New York Times: "A federal judge has ruled that the government failed to adequately assess the environmental impacts of genetically engineered sugar beets before approving the crop for cultivation in the United States. The decision could lead to a ban on the planting of the beets, which have been widely adopted by farmers." A similar decision two years ago, also by the federal district court in San Francisco, shut down the planting of genetically altered alfalfa, also on the grounds that the USDA had not done an adequate environmental impact statement (EIS) on its approval.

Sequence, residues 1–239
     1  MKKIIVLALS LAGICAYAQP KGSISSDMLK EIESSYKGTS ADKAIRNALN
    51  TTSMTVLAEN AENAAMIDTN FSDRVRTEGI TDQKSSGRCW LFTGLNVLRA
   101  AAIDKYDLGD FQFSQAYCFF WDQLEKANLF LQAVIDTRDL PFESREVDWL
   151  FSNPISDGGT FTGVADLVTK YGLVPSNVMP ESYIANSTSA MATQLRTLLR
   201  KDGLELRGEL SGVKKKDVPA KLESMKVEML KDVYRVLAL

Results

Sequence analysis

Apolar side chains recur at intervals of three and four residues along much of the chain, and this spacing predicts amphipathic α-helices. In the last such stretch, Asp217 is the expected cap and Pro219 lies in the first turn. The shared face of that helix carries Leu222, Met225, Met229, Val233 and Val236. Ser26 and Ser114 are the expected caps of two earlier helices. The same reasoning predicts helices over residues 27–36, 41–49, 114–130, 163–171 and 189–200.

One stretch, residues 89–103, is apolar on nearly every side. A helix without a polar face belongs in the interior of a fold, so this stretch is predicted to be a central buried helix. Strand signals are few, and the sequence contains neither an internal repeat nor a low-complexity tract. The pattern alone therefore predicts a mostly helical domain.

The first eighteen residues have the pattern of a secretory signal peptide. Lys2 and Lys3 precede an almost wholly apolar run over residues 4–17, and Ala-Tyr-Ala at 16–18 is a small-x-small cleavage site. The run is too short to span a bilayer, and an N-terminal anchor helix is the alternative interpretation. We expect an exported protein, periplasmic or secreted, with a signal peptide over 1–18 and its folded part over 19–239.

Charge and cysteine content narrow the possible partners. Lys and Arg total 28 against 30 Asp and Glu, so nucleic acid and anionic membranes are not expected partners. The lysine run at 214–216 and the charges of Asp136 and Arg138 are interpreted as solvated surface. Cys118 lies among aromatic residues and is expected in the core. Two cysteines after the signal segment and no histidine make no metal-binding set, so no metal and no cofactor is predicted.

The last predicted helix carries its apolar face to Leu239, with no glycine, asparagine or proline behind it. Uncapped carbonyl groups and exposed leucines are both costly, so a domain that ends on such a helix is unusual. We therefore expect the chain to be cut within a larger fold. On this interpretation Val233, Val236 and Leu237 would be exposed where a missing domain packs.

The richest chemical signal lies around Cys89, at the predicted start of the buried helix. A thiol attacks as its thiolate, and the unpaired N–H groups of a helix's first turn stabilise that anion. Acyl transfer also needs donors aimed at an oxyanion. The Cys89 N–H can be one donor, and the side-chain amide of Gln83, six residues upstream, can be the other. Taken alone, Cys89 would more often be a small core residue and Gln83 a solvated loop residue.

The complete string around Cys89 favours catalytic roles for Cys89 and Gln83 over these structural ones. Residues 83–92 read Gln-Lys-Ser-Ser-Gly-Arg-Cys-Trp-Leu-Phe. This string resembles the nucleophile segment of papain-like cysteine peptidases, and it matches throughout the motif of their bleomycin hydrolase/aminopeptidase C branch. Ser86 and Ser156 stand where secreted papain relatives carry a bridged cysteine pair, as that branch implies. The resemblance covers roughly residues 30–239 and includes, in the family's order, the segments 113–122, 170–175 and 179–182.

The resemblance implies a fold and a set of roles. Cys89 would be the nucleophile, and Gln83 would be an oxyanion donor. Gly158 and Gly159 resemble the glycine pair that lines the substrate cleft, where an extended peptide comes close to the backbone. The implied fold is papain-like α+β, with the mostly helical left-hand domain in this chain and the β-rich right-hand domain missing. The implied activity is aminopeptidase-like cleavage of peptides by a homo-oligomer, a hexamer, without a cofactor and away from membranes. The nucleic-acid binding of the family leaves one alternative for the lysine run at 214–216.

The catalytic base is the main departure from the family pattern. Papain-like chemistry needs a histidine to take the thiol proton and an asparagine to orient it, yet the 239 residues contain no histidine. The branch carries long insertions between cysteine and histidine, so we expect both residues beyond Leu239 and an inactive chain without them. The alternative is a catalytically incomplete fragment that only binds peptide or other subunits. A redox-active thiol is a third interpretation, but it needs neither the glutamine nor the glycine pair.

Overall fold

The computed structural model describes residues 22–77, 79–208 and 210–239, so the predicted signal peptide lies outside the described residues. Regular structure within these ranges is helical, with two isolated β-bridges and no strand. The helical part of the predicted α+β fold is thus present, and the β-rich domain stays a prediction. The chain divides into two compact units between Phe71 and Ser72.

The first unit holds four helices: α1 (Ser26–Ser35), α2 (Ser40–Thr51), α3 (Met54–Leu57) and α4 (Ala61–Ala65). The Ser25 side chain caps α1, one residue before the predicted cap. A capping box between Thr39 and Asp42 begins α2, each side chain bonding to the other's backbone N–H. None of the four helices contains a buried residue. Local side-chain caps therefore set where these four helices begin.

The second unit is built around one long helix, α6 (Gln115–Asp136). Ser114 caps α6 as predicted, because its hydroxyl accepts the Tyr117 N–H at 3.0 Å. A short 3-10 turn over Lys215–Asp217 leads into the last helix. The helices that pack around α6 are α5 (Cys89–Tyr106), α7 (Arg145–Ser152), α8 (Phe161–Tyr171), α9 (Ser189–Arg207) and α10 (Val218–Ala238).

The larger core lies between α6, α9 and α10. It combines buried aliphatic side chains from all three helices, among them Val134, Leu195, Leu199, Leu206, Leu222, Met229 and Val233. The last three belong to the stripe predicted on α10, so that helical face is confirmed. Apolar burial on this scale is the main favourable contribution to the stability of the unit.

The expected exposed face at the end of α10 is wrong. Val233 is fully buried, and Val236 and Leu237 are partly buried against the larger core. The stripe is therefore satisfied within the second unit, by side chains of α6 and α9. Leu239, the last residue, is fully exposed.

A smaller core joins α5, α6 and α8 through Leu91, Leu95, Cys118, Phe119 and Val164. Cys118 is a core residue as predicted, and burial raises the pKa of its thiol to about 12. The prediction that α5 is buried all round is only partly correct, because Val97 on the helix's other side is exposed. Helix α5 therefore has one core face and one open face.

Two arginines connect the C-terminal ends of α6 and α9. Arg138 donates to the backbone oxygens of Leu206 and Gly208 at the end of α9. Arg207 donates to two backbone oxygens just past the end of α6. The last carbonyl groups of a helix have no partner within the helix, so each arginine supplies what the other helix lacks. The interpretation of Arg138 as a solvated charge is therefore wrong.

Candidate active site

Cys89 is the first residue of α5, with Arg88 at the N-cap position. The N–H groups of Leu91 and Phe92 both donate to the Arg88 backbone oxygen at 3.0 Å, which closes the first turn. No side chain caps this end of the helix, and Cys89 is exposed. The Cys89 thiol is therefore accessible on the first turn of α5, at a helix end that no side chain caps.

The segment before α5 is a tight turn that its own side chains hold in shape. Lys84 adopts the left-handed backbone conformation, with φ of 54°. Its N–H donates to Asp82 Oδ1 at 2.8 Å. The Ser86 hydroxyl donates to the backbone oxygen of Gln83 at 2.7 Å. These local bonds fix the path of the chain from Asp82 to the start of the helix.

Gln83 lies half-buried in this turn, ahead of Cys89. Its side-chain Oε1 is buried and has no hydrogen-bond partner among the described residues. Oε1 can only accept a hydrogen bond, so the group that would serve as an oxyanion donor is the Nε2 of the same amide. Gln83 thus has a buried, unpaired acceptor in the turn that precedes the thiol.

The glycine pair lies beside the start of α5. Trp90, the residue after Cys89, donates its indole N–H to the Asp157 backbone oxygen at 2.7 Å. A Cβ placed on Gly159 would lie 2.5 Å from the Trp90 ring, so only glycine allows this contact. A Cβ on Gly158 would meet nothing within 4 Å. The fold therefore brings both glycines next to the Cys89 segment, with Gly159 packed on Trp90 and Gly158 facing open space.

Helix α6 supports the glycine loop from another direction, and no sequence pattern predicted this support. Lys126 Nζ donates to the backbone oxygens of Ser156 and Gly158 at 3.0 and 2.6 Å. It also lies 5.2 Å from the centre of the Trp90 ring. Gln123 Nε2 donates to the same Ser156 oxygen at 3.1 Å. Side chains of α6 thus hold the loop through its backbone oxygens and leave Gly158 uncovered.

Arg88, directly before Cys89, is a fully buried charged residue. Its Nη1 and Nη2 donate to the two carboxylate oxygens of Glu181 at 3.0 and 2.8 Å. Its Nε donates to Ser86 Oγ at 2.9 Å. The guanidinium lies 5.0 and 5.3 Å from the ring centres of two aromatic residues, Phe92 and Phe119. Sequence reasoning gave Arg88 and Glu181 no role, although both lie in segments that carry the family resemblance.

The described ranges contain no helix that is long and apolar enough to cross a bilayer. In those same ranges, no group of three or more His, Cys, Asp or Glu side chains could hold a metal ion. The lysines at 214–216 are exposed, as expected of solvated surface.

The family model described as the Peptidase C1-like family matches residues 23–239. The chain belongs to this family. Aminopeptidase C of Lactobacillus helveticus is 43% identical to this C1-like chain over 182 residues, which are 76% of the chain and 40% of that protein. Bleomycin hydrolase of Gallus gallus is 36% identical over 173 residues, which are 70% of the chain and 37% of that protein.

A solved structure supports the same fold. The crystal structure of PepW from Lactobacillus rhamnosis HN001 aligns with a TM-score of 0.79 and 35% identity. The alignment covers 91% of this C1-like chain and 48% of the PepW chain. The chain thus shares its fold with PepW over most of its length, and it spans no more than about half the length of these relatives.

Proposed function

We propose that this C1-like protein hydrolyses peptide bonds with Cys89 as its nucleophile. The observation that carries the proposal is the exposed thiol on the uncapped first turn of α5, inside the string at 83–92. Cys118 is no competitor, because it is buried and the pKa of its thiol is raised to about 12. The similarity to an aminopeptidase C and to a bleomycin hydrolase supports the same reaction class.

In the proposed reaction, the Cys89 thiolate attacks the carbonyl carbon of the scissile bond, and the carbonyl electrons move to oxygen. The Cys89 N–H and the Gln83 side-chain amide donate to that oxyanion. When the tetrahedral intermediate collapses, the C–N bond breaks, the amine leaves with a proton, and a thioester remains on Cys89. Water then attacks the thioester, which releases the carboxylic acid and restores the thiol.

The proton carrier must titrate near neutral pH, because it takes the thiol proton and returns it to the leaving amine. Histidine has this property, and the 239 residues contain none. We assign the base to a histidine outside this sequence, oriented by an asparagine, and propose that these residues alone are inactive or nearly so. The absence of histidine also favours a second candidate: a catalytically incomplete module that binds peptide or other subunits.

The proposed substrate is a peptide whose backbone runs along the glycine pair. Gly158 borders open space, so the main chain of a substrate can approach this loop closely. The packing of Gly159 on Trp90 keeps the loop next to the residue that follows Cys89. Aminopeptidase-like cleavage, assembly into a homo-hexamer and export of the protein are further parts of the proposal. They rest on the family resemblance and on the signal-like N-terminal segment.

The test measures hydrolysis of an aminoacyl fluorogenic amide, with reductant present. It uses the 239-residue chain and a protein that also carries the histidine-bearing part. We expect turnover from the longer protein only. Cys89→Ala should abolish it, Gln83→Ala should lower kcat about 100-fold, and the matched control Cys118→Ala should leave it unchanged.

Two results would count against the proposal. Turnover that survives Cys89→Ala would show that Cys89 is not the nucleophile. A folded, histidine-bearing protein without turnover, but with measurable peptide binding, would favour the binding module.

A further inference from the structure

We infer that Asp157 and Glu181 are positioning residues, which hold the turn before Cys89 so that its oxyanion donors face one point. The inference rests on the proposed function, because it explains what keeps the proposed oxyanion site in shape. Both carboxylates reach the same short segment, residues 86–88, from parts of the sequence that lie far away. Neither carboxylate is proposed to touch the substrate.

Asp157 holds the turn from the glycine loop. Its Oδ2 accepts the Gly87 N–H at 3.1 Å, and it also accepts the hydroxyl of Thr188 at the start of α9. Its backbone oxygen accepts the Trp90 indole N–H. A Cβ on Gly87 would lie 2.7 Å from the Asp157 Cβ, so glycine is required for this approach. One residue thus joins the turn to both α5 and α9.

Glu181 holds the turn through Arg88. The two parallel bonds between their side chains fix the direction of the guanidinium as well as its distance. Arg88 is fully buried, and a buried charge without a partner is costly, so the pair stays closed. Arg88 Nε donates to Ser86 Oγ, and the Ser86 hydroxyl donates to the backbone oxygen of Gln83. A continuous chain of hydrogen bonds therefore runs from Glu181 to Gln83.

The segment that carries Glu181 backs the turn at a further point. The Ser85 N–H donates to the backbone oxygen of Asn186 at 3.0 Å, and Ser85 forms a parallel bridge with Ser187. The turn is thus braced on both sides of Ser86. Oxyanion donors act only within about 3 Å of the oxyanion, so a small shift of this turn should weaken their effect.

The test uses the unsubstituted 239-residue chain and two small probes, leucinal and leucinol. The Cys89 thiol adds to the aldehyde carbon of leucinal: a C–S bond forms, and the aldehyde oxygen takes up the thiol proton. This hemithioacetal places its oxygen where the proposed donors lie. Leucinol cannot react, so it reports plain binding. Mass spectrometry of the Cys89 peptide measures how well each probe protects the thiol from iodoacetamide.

Judge moves to ban sugar-beet crop
- Atrazine litigation in Madison County
- Web-only Q & A session on Stossel
- "The People v. CO2"
- Group: bankrupt chemical maker owes another $9 billion
- Louisiana judge: "gradual", "environmental" insurance exclusions don't apply to bad drywall
- "Federal Judge Tosses $100 Million Punitive Damages Award Against BP"
- Jury awards NYC $105 million in Exxon MTBE case
- Fifth Circuit reinstates climate change class action
- Wolf protection lawsuits
- Amicus briefs in TVA nuisance case
- "Climate lawsuits are coming, Gore & Browner warn"
- 2nd Circuit Revives "Federal Common Law of Nuisance" Suit
- NYC may have upper hand in ExxonMobil MTBE trial
- Suit blaming birth defects on pollution advances in U.K.
Center for Legal Policy at the